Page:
Have you spent lockdown learning a new language?
No, me neither. With two small children and a full-on job, extending my linguistic skills has not been high on the agenda of late.
However, I’ve found a solution that will not only allow me to feel educationally enriched without any effort but smugly tick the homeschooling box too.
Monsieur Roscoe On Holiday – a colourful new bilingual picture book that helps budding young Francophiles learn their first few words of French.
It is the first solo project of award-winning illustrator Jim Field, whose work you will known well from the best-selling Oi Frog and Friends series of books and his equally successful collaborations with Rachel Bright, such as The Lion Inside.
He was inspired to create the character after living in Paris for five years with his French wife and their daughter. Jim was struck by how easily his daughter picked up two languages while he struggled with it, and decided to create an accessible picture book to bring the benefits of bilingualism to every child.
His intention is one I completely applaud. Languages open doors to opportunity, culturally enrich lives and increase our understanding of others. There is also strong evidence to show that while children raised bilingually initially lag with vocabulary acquisition, they quickly catch up and surpass their peers, going on to have enhanced educational abilities.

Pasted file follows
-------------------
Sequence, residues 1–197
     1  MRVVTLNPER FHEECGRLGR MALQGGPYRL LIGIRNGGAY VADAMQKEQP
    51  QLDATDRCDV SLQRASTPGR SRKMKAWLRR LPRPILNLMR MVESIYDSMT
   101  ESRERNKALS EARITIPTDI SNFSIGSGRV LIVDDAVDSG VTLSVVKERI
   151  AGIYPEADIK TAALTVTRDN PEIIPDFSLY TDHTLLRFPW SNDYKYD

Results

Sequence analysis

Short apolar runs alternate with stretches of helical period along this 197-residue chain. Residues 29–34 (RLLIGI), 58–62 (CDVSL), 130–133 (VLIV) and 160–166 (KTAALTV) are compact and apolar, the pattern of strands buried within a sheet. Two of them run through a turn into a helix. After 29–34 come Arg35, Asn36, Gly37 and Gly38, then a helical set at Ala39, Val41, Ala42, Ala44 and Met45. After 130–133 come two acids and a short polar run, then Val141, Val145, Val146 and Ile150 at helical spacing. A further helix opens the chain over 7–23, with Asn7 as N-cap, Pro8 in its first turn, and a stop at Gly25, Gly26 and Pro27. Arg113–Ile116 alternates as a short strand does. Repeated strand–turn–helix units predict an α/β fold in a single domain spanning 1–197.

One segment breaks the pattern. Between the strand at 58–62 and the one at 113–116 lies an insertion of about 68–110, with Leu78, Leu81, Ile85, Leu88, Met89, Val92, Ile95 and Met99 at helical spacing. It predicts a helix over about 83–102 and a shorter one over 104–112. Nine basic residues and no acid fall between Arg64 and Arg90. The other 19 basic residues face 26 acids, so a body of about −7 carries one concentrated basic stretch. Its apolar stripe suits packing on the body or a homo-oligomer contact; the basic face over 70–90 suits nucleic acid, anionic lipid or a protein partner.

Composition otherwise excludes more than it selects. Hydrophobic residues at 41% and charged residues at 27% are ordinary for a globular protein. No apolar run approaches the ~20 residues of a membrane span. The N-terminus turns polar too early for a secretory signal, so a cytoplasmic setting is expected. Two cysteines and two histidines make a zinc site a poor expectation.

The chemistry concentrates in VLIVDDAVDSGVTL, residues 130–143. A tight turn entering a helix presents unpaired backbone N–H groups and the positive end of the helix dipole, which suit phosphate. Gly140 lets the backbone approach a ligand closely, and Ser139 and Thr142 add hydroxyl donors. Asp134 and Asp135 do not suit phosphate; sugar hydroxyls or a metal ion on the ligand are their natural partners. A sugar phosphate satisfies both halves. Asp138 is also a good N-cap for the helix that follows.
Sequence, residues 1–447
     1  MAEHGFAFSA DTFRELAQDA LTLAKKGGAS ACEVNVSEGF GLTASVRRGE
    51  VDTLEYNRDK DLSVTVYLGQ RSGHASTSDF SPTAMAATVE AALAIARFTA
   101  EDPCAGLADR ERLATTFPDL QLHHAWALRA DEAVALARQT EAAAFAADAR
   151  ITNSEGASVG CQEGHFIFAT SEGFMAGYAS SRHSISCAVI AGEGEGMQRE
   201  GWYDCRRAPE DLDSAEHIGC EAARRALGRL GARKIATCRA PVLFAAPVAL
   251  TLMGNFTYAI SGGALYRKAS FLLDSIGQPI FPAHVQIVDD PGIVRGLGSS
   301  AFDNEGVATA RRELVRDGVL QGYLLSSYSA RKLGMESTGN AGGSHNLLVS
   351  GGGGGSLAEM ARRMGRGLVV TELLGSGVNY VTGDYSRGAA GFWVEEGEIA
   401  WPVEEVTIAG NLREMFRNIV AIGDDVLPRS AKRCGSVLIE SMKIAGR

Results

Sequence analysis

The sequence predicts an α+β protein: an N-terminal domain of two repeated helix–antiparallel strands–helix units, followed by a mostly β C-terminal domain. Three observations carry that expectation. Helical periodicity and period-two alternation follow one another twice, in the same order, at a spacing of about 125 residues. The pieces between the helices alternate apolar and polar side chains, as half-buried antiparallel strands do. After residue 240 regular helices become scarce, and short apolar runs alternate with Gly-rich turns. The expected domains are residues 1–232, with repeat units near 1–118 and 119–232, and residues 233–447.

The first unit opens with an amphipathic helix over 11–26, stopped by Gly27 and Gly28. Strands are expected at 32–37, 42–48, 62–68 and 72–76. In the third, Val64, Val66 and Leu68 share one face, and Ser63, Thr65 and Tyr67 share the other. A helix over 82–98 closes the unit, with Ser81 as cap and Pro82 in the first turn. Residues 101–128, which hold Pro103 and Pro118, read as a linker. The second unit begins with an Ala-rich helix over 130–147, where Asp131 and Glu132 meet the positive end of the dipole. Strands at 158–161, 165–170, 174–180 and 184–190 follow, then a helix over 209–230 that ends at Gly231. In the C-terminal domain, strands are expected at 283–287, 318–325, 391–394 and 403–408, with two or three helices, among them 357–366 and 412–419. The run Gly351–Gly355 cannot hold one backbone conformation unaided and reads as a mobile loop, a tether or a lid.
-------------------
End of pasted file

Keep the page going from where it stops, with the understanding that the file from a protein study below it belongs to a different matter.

It is definitely a great regret that I cannot speak in another tongue, especially that of my home country, Wales. I studied it at school, along with French, but while I found the grammar aspect easy, I struggled with vocabulary – which those who know me might find hilarious given my ability to chat and my profession.
Thankfully attitudes to teaching languages to kids have taken a leap forward since my schooldays and many of my friends back in Wales send their children to Welsh-medium schools, while Baby Bookworm’s primary will have French firmly on the curriculum when he starts in September.
He already thinks he is fluent, despite only knowing “bonjour”, as he makes up “French words” when talking to my Paris-born friend and her bilingual three-year-old.
His natural curiosity to learn makes Monsieur Roscoe On Holiday an instant hit. Who would fail to be charmed by this bowler-hatted beagle in his shirt and tie? The smart dog brings Inspector Clouseau from The Pink Panther to mind, although I suspect only grandparents might get the reference.
The book itself is bursting with joie de vivre – it’s vibrant and the bold artwork has a vintage feel, with oversized pages packed with activity and things to discuss. Think Richard Scarry’s iconic Busytown books from the Sixties.
The French elements are easy to tackle, even for parents fearful of languages. There’s lots of simple, holiday-related phrases, covering everything from packing and travelling to activities and eating out.
And Monsieur Roscoe, accompanied by his goldfish Fry, have a trip we can only dream of right now – camping, skiing, boating on lakes and lazing on the beach.
The escapism is a delight and so too is the education-by-stealth. Bravo Monsieur Roscoe! And bravo Jim!
Monsieur Roscoe on Holiday by Jim Field. £12.99 (hardback), Hodder Children’s Books. Available from Amazon
To celebrate the publication of Monsieur Roscoe on Holiday, we have a free postcard making kit and colouring sheet featuring the character to download.